with lettering for hot and cold from the same font set as the printed labels.
Half walls of tile are embellished (white on white) with wreathes and thistles
while far away we are bombing somewhere.

We being the British who only days ago (the begining of our visit)
did the Scottish agree to remain enfolded with.
The idle minds wonders if this sudden sending of planes
to somewhere would have had a material effect on the vote.

I sit on the bathroom floor because all the beds are taken
in the darkness of an early night.
Tomorrow we will aim to ride our own plane from here
across the Atlantic where those other types of aircraft
have also been sent out bombing in concerted parallel.

I am dying.
We all are, simply at different rates.
Some at our own behest, some at the behest of others.
Most of this, while immediate and urgent (however long it takes)
is circumstantial.
People write about it, mourn it, photograph it, protest it, cause it.

The wolves dies out or are shot.
The deer bloom and deforest.
The rivers widen and the fish suffer.
There is a pause (or not).
The wolves are re-introduced.
Causes are effected.
Changes are observed.
Lessons are learned.
Or otherwise.

And tonight, if fortunate, we go off to bed
at our different times and in our different ways
and tomorrow, if fortunate, we carry on or start again.
Depending.

And it is evolution (in the end and as it happens also)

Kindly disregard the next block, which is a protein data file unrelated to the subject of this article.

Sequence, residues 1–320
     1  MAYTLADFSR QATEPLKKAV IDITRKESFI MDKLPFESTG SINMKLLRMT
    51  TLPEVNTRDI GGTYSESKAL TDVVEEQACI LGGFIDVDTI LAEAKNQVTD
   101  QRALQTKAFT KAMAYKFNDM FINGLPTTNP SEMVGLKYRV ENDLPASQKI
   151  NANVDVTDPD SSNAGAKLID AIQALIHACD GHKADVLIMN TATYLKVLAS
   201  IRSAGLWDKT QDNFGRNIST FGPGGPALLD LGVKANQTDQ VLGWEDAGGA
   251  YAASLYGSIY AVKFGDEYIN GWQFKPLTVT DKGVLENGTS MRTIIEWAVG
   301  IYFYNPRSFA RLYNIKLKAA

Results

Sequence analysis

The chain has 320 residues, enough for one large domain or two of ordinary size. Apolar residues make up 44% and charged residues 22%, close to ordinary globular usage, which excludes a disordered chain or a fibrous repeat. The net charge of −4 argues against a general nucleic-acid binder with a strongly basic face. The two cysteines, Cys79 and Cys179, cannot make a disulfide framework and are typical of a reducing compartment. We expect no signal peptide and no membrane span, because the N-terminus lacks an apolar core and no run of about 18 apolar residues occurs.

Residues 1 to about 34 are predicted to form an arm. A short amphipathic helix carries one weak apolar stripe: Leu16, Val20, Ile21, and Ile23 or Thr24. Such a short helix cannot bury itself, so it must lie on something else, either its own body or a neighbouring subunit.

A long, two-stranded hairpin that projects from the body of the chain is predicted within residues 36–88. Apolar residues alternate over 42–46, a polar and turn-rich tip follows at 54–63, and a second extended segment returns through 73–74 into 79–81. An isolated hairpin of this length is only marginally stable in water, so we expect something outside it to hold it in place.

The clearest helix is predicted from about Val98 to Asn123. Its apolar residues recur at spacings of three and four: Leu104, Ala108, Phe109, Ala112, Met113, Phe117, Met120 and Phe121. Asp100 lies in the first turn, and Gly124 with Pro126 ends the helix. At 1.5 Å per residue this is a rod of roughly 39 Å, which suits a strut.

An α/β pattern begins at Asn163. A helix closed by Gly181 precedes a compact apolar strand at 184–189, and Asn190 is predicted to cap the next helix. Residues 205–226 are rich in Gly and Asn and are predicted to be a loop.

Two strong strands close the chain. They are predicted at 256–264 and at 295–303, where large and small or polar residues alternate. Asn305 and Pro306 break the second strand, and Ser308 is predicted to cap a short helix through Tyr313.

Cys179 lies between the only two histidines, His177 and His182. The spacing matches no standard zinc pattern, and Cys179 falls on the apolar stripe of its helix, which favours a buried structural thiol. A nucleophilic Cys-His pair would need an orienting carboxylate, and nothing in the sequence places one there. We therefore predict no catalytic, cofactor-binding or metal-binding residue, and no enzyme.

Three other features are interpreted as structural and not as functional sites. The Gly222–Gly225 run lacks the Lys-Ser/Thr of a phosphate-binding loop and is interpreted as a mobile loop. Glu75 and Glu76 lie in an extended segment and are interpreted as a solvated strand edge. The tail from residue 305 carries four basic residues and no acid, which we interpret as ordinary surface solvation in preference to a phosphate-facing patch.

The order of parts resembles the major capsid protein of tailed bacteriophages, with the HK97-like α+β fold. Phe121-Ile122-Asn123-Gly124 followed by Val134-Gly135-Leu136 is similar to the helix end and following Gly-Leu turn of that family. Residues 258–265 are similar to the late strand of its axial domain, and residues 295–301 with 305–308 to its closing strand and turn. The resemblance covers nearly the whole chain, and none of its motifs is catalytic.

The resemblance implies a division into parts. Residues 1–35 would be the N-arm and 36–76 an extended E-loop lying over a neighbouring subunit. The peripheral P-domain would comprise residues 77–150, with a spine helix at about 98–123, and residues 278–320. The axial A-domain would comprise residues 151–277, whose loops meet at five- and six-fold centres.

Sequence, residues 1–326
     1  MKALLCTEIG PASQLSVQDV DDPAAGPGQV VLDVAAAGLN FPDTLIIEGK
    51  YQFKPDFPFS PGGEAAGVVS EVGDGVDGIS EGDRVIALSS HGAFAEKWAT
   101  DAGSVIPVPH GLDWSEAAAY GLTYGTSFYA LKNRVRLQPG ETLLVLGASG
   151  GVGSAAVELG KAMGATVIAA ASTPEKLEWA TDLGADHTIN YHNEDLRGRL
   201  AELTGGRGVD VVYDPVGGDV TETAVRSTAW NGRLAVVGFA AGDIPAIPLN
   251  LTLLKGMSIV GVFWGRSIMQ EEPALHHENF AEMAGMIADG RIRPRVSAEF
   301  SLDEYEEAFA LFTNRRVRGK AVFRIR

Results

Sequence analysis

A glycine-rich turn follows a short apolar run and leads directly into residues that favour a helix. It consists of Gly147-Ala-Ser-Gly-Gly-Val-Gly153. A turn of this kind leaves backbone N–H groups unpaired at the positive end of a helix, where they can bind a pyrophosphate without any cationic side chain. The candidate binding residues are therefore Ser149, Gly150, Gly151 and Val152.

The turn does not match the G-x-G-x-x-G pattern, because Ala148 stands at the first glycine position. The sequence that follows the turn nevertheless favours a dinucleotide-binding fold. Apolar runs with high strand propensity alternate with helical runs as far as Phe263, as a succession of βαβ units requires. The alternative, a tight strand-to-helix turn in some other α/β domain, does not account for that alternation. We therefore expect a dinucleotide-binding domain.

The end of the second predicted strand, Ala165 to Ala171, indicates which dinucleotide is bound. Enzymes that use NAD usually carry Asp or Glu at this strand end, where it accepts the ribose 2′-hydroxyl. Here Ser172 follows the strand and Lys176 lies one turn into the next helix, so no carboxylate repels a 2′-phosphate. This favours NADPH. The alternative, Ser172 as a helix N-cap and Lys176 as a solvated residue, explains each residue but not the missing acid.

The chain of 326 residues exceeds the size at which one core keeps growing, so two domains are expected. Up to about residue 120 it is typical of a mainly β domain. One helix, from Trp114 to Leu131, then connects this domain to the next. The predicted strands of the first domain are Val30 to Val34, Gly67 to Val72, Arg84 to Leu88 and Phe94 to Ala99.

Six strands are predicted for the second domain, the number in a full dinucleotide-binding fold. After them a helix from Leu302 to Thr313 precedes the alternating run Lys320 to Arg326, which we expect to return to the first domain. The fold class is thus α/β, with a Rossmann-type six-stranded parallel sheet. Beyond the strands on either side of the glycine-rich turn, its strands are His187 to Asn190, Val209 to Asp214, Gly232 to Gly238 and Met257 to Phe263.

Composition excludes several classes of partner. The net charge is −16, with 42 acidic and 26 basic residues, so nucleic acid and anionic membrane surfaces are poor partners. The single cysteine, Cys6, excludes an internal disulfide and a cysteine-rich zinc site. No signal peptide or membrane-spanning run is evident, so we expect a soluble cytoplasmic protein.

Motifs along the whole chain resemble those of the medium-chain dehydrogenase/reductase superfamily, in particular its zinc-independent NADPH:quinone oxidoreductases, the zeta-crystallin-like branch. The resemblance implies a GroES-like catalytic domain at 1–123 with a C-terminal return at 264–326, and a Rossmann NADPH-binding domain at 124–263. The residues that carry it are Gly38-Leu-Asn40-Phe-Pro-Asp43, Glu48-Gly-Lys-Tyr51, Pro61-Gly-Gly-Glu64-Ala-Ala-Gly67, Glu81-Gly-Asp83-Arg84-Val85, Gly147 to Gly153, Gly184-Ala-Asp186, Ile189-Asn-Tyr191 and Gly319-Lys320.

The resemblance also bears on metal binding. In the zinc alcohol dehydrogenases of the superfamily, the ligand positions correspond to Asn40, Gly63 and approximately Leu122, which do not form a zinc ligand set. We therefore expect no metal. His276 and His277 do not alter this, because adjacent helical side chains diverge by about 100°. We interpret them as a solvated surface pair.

and all we can consider worthy is any local suffering
that can be alleviated, any anguish that can be forestalled.

And we are mostly small and made so, not just by size,
but also by coincidence, numbers and circumstance.
And then, at some point, for us, that’s the end of it.

And on this bathroom’s floor and separate from the fight
of much beyond my lion and these thistles,
the short clarity of this helps my chattering self
silence not unhappily towards my own sleep.

Fate is the hunter

A small man is sitting in a bar on 48th Street and Broadway.

He is small in head and body as well as in feet which barely reach the wooden floor.

However he is seen to be a man by the age on his face and the sort of clothing that separates men from boys.

Therefore he is a small man sitting in the corner of the bar at a table and alone.

A woman who may be older than him but also may be younger leaves her serving station and approaches him to take his order.

She did not see him enter the bar nor sit at the table alone.

These facts that she attributes to the idea that perhaps he is stealthy as well as small,

Or just one of those faceless people who all along have faces but are thought to be mostly invisible.

She asks him what he would like:

“What would you like?”, she asks him.

He answers in a voice pushed down in register as though his larynx is carefully weighted by a block of stolen lead.

“A glass of beer and the last moment of your time,”